Omaha daily bee. (Omaha [Neb.]) 187?-1922, March 07, 1919, Page 4, Image 4

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! :
Ma). Gen. Leonard Wood
Praises High Morale of the
Men in Fourteenth Na
tional Army Camp.
v. Camp Fun stem, Kan., March 4-
; i (Special.) UpoaTelief from duty as
J commanding general of the 14th na
tional army cantonment, Camp
Funston, Kan., Maj. Gen. Leonard
'Wood expressed his sincere appre
ciation of the soldierly and loyal
spirit of the officers and men of his
... command. According to the general
they have done their best under all
T conditions and made possible what
, ever degree of success has been at
.'r taincd. Co-operation has been earn
s' est and sincere, and fine spirit and
f "high seii(c of duty have character
ized the command from the first,
General Wood said. He also thanked
the Red Cross, Y. M. C. A., Knights
' of Columbus, Y. W. C. A., Salvation
;'.rmy, Jewish Welfare league,
t; Community service and other or
ie ganizations interested in the welfare
!': of the troops.
n The general continued saying that
Lihe feels that he has been singularly
.i fortunate in having been assigned to,
hi command in this section of the
esc'ountry, for in addition to the ex
occtlent qualities of the men ; who
came for training, there has been the
Y heartiest and most sincere co-operation
on the part of the civil coni
tnunitics from which the men came.
v V. Loan Drive Workers
' Relate Hardship They
: Will Have to Overcome
,), Hardships that women overcome
in their efforts to promote Liberty
. loan drives were detailed in the
n closing session of the state confer
' ence of Victory loan workers, in
session at the Jlotel Fontenell,
Thursday morning.
Mrs. F. if. Wallace of Harrison,
Sioux county, said she had to travel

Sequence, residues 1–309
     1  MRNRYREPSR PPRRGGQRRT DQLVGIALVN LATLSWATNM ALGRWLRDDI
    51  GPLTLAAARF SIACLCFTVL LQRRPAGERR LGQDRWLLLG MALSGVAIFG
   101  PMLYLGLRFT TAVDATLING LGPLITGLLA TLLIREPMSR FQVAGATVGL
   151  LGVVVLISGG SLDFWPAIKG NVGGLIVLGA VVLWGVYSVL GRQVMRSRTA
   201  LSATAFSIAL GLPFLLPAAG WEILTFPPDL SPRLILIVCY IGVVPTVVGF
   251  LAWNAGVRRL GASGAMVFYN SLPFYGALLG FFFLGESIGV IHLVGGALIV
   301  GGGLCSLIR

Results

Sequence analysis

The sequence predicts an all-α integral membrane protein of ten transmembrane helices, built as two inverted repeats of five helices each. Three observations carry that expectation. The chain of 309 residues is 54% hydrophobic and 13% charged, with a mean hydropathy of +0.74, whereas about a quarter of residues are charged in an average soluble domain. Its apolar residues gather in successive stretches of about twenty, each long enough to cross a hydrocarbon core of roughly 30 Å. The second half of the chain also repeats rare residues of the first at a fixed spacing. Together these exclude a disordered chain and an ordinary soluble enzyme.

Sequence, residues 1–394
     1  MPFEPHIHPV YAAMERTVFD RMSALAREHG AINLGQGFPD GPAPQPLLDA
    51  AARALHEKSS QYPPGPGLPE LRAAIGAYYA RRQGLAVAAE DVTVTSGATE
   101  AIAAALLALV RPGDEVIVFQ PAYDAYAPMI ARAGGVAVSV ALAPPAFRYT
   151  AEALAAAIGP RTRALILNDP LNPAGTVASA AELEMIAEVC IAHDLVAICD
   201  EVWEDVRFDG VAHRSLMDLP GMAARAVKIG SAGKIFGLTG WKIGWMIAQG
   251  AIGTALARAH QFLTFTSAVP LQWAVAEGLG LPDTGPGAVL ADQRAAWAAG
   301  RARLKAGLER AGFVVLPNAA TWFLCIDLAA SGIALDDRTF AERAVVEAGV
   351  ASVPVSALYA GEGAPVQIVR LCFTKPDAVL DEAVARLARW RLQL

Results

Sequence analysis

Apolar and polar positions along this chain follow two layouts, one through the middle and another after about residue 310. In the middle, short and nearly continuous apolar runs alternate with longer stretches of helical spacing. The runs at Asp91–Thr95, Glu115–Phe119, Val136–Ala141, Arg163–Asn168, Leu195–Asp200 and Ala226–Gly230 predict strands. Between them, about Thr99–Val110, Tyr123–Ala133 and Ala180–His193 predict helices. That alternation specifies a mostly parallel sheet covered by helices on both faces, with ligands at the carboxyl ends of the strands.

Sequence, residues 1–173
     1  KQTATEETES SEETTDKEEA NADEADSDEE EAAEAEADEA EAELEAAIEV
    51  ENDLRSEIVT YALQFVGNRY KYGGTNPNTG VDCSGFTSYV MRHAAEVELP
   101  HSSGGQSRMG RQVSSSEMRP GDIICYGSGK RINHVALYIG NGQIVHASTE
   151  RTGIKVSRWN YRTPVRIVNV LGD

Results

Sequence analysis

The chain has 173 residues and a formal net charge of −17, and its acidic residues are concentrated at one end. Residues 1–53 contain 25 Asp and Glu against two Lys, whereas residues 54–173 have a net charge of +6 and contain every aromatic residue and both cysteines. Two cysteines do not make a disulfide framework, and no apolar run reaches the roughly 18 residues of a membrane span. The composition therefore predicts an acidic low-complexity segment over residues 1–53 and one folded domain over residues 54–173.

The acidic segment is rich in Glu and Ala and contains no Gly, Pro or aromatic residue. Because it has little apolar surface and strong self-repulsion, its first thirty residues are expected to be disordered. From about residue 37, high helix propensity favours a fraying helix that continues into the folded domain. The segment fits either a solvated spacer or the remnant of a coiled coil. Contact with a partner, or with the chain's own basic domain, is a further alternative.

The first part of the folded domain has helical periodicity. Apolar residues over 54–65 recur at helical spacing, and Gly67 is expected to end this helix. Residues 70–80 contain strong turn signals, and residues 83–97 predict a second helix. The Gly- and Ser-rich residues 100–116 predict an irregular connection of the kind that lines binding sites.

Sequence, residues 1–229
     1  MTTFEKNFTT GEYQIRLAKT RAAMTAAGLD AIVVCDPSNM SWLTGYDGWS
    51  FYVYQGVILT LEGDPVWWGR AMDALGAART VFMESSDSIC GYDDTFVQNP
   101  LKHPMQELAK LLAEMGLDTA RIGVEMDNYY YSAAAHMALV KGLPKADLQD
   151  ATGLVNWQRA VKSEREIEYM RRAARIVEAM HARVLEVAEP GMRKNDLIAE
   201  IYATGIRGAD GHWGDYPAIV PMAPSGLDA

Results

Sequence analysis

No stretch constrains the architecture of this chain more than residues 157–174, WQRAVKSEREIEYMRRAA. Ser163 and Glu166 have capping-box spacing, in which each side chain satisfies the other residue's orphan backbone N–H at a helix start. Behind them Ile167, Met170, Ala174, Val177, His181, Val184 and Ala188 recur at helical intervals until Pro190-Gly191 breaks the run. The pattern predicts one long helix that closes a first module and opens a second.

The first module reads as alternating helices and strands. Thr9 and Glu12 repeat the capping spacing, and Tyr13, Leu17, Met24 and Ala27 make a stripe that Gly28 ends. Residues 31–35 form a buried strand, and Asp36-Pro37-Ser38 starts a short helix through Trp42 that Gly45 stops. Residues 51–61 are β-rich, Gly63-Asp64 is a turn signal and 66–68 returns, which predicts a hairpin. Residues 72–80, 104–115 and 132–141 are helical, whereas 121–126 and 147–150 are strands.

. ,iS miles in order to reac'u a point
10 miles frorti her home on account
of the sandhills.
Mrs. C- L. Alden of Kimball,
Kimball county, related there Kvere
- women on her county committee
who received mail only once a week.
Mrs. K. E. Dietrick of Spring
, view, Keyapaha county, lives 25
miles from a railroad. She started
i the drive before coming to Omaha
c 24 hours ahead of time to permit
.j of delay in case of a gtorm
Pledge cards and other supplies
,, for the coming drive" were dis
tributed before the conference adjourned.
If you would be cheerful and happy
keep your bowels regular. Proper diet
and exercise is usually all that is, re
quired. When a medicine is needed you
. will find that Chamberlain's Tablets are
excellent. They are 'easy to take and
most agreeable in effect.
At 10 o'clock Monte Bracken had
arrived in his automobile, and five
minutes later Morley, pale and
frightened, had brought down her
mistress' luggage and seen to its
storing. Bracken, who remained in
the back seat without descending,
made no offer of explanation.
"Good evening, Morley."
"Good evening, sir," she had re
plied, and to herself she thought,
"He looks more like a ghost than
she does."
"Put the bags in front."
"Yes, sir. Mrs. Forrester said to
say she'd be right down."
"Very well."
It was all done quite openly.
There could be no question of what
was happening. Gregory, who was
aiding with the bags, did not dare
to question Mr. Bracken's chauffeur,
even with his eyes. Among the ser
vants was the terrified calm, the
panic of all the senses, that comes
below stairs with the approach of
a catastrophe above. Morley hesi
tated as though half expecting some